Rory McIlroy has now accepted LIV Golf “is part of the sport” a matter of months after saying he hated the league and hoped it would go away…
Rory McIlroy hated LIV Golf and expected it to go away in June 2023.
Fast forward to January 2024 and the PGA Tour’s most loyal solider accepts the Saudi-funded circuit “is part of our sport.”
The Northern Irishman said it was not his job to fight the rebel league and admits to being too judgmental of defecting players when speaking on the Stick to Football podcast, brought to you by Sky Bet.
Having resigned from the PGA Tour Policy Board in November, McIlroy is determined to put politics aside and focus on adding to his congested trophy cabinet.
“I think at this point, I was maybe a little judgmental of the guys who went to LIV golf at the start, and I think it was a bit of a mistake on my part because I now realise that not everyone is in my position or in Tiger Wood’s position,” he said.
“We all turn professionals to making a living playing the sports that we do, and I think that’s what I realised over the last two years.
“I’ve gone through the last two years with this altruistic approach where I’ve looked at the world the way I’ve wanted to see it,” he added.
“Ultimately, you can say what you want and do what you want, but at the end of the day, you’re not going to be able to change people’s minds. You’re never going to make them decide based on what you say.
“I wouldn’t say I’ve lost the fight against LIV, but I’ve just accepted the fact that this is part of our sport now.
“For the last two years I’ve been trying to fight the good fight and I’ve played well and I’m in a good spot during that time, but it’s not my job to fight against LIV.
“At the end of the day, my job is to go out there and try to shoot the lowest score possible.
“I resigned but it was more because it was taking up too much of my time – I just want to get back to being a golfer, playing golf and trying to win those tournaments that I dreamed about winning as a kid.
“I hope everyone comes back together – you’ve got guys on both sides that don’t want it to happen for certain reasons, the LIV guys don’t really want to come back and play the PGA Tour because they don’t feel like they’ve been treated very well.”
“Some of the PGA guys don’t want to come back together because they don’t want to see those other guys. People at this point need to put their feelings and egos aside and come back together and we all move forward – that would be the best thing for golf.”
Rory McIlroy: LIV Golf has exposed flaws in professional golf
Despite recognising LIV’s place in the sport, McIlroy believes the upheaval caused by the league’s emergence has been “sad to see” and “isn’t good for anyone.”
Praise has been distant from McIlroy’s lips when discussing LIV Golf in the last two years, but the 34-year-old admitted professional golf’s flaws have been made clear since Greg Norman’s start-up appeared in June 2022.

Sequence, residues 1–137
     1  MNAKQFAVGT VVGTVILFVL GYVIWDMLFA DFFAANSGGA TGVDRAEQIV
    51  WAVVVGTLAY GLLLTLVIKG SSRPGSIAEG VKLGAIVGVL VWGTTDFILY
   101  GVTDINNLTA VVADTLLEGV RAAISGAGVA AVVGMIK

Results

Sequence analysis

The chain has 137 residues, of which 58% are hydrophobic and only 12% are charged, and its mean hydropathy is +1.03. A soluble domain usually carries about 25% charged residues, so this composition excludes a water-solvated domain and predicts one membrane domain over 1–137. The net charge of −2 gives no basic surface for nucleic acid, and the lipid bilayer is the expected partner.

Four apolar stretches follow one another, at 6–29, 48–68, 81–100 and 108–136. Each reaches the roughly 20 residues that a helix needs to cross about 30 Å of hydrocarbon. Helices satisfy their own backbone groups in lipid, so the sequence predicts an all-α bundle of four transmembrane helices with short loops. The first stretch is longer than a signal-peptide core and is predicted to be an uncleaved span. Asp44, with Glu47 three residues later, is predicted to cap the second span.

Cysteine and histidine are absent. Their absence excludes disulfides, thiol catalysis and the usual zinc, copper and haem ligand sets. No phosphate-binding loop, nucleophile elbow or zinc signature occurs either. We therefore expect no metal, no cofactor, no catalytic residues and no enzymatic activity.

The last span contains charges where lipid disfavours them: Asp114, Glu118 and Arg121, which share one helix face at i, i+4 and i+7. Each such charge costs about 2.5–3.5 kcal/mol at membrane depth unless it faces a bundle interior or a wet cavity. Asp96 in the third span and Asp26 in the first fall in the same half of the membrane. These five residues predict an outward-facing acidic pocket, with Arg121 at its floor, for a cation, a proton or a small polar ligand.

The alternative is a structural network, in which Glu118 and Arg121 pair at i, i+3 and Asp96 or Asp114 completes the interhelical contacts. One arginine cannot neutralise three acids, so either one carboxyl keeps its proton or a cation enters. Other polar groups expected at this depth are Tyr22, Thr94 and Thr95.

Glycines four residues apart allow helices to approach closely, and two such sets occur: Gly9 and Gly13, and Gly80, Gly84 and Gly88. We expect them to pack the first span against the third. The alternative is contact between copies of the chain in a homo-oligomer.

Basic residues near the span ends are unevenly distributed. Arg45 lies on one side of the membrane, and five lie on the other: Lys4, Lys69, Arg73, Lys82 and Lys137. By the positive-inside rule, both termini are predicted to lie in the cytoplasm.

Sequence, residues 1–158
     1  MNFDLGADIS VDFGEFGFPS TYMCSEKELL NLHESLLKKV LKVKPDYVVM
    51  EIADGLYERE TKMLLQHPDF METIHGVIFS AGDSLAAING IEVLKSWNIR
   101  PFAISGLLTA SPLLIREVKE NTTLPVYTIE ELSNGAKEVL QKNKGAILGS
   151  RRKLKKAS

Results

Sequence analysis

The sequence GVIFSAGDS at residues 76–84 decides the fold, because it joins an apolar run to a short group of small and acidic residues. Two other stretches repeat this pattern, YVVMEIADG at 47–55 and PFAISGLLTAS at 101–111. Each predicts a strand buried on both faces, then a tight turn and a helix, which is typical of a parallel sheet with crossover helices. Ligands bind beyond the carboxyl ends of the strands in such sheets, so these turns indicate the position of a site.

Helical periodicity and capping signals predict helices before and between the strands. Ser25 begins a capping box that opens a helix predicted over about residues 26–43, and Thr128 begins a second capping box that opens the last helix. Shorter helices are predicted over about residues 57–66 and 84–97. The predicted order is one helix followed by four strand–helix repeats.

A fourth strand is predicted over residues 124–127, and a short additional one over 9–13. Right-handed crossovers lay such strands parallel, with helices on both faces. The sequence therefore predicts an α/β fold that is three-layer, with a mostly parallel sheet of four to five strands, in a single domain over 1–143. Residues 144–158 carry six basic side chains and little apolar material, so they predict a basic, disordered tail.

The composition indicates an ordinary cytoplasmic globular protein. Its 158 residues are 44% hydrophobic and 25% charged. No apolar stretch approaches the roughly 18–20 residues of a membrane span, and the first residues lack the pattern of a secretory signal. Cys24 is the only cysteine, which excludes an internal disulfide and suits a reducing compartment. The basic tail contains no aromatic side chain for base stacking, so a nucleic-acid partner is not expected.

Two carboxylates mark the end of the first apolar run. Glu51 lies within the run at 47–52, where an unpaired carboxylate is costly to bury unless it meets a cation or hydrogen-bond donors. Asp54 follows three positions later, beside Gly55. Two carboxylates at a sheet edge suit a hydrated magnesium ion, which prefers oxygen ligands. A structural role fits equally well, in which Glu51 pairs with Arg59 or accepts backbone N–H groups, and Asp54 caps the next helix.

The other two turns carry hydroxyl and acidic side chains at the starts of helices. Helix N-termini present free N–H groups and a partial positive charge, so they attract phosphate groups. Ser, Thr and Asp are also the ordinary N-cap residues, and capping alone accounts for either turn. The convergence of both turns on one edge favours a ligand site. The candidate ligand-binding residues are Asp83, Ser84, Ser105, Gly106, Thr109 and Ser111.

“I think what LIV has done, it’s exposed the flaws in the system of what golf has, because we’re all supposed to be independent contractors and we can pick and choose what tournaments we want to play,” he said.
“But I think what LIV and the Saudis have exposed is that if you’re going on a tour and you’re asking sponsors for millions of dollars to sponsor these events, and you’re not able to guarantee to the sponsors that the players are going to show up.
“I can’t believe the PGA Tour has done so well for so long. It’s exposed some flaws in the system that hopefully golf will have a look at more.
“If we’re going to ask these people for so much money, we need to be able to guarantee them what they’re getting.
“Part of the stuff that we’ve been trying to do for the last two years is figure out how we can try and bring golf back together again and learn from some of the things that have happened.
“I feel like there was a way to do it where it wasn’t going to be a massive disruptor to the game, and that’s another thing for me, it’s created a massive upheaval in professional golf which is sad to see.
“Some people have taken one side and some people have taken another, and golf is a small enough sport, it’s not like football where you’ve got billions of fans, so if you start dividing the eyeballs in professional golf, it’s not good for anyone.”
McIlroy told the podcast he met with PIF governor Yasir Al-Rumayyan at the end of 2022 in Dubai where they had a “good chat.”
But even McIlroy, a player in the thick of the tour’s operations, was shocked at the June 6 announcement and how quickly the framework agreement was delivered.
PGA Tour chief executive Jay Monahan informed players in a memo on December 31 that the deadline to reach a deal with the Public Investment Fund had been extended.
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